FORT LAUDERDALE (CBSMiami) – There’s still no decision on whether public defenders will continue to represent confessed Marjory Stoneman Douglas High gunman Nikolas Cruz.
Cruz and his attorney’s appeared at an indigency hearing in Fort Lauderdale Wednesday afternoon where his public defender said he could be worth hundreds of thousands of dollars.
The public defender’s office has represented Cruz since the massacre February 14th that left 17 dead.
The hearing was held to determine if taxpayers will continue to pick up the tab for his defense or if Cruz can afford a private lawyer.
Wearing an orange jumpsuit and surrounded by a dozen Broward County Sheriff’s Office deputies, Cruz looked down as his defense team addressed the court.
Broward public defender Howard Finkelstein pleaded with the court to wait until the probate case involving Cruz’s late mother’s estate concluded and Cruz’s net worth could be definitively determined.
Cruz faces lawsuits and there are claims against his late mother’s estate, which complicates the matter of his indigence, Finkelstein said.
Whatever his worth, Assistant public defender Melisa McNeill told the judge, Cruz would like any money he inherits to be given to the families of the victims who can use it to promote healing and education in the community.
“Let it go to those who have been hurt, period,” Howard Finkelstein told the court
So how much money does he have?
Cruz has an annuity that shows more than $3,333 was deposited into an account but it’s not clear how frequently the annuity pays, lawyers said.
If it’s an annual deposit, it won’t mean much, but if it’s a monthly payout, Nikolas Cruz and his brother, Zachary, could gain close to a million dollars over time, said Finkelstein
Zachary sat in the gallery during Wednesday’s hearing, and left court without commenting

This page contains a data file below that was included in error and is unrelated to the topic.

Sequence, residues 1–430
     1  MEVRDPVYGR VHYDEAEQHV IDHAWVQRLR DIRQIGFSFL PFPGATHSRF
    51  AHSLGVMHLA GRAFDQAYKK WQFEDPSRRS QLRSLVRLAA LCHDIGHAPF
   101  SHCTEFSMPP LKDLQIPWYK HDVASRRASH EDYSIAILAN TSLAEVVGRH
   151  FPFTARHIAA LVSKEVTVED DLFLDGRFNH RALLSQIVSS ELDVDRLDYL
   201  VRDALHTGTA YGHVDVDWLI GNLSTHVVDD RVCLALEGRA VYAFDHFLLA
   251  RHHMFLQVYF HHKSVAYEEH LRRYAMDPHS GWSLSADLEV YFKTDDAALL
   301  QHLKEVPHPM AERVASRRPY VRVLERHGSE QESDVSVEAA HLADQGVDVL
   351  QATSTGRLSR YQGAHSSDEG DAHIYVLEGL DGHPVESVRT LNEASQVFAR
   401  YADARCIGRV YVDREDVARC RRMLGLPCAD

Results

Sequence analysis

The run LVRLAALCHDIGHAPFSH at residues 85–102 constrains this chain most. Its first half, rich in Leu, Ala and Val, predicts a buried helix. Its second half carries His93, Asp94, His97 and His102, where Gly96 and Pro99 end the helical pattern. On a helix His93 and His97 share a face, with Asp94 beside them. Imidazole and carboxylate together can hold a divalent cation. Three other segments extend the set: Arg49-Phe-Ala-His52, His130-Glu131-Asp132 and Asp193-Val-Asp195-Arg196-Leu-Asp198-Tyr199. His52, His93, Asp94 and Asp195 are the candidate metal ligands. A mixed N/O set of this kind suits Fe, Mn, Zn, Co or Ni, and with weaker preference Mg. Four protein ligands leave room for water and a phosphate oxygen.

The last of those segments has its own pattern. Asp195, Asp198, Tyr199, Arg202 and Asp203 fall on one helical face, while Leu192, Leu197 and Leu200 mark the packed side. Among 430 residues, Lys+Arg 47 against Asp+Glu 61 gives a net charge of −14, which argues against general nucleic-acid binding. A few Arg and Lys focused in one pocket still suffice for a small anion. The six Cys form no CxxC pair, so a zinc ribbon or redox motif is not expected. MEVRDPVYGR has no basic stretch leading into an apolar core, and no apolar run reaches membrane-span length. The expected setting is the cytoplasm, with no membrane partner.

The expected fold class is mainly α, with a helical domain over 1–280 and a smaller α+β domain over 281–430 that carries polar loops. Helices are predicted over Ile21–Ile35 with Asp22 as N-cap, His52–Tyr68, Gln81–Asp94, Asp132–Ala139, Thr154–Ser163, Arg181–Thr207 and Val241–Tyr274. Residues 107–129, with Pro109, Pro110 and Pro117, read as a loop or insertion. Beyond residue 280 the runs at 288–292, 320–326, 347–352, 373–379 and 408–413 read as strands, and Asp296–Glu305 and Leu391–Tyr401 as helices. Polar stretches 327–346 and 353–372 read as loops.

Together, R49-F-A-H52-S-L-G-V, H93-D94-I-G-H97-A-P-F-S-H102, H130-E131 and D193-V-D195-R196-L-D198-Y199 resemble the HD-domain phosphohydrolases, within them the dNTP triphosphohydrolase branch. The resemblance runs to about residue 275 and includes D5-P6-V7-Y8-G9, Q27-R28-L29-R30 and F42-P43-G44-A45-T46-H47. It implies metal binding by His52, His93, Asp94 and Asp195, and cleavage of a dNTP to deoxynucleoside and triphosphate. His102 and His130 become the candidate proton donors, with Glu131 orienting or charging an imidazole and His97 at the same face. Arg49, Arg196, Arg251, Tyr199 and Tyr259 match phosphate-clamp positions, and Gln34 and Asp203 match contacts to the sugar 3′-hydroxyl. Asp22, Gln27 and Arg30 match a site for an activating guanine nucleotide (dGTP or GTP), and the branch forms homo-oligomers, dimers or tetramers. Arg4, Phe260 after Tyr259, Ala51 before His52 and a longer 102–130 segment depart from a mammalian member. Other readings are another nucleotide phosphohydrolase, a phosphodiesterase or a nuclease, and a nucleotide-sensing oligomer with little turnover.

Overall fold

Nikolas Cruz also has a bank account with $353 and receives dividends from about $2,200 in Microsoft stock, his lawyers said.
The bank account contained $12,310 in October, but Finkelstein said he isn’t sure where the remaining money went.
Cruz’s prison commissary account contains $669, the defense told the court.
Cruz also has a life insurance policy from his deceased mother worth $25,000 but his lawyers say they have not been able to obtain it
McNeill said it was against the policy of the public defender’s office to handle such financial matters for clients.
If Cruz has access only to the $25,000 check and the money in his accounts, then there is no way that would cover the expenses in a capital murder case, Finkelstein told the court.
“That amount of money would already be gone,” he said.
Finkelstein urged Judge Elizabeth Scherer to reset the hearing and not make a decision until they were able to determine the extent of Lynda Cruz’s estate.
Judge Scherer said she would make a decision on Cruz’s indigence before April 27, the next court date in the case.
Cruz has been indicted on 17 counts of first-degree murder and 17 counts of attempted murder.
During the hearing, Finkelstein reiterated his request to have Cruz plead guilty to all charges and be sentenced to consecutive life prison terms.
Assistant State attorney Shari Tate objected and said it’s not up to Cruz to determine his punishment but the people of Broward county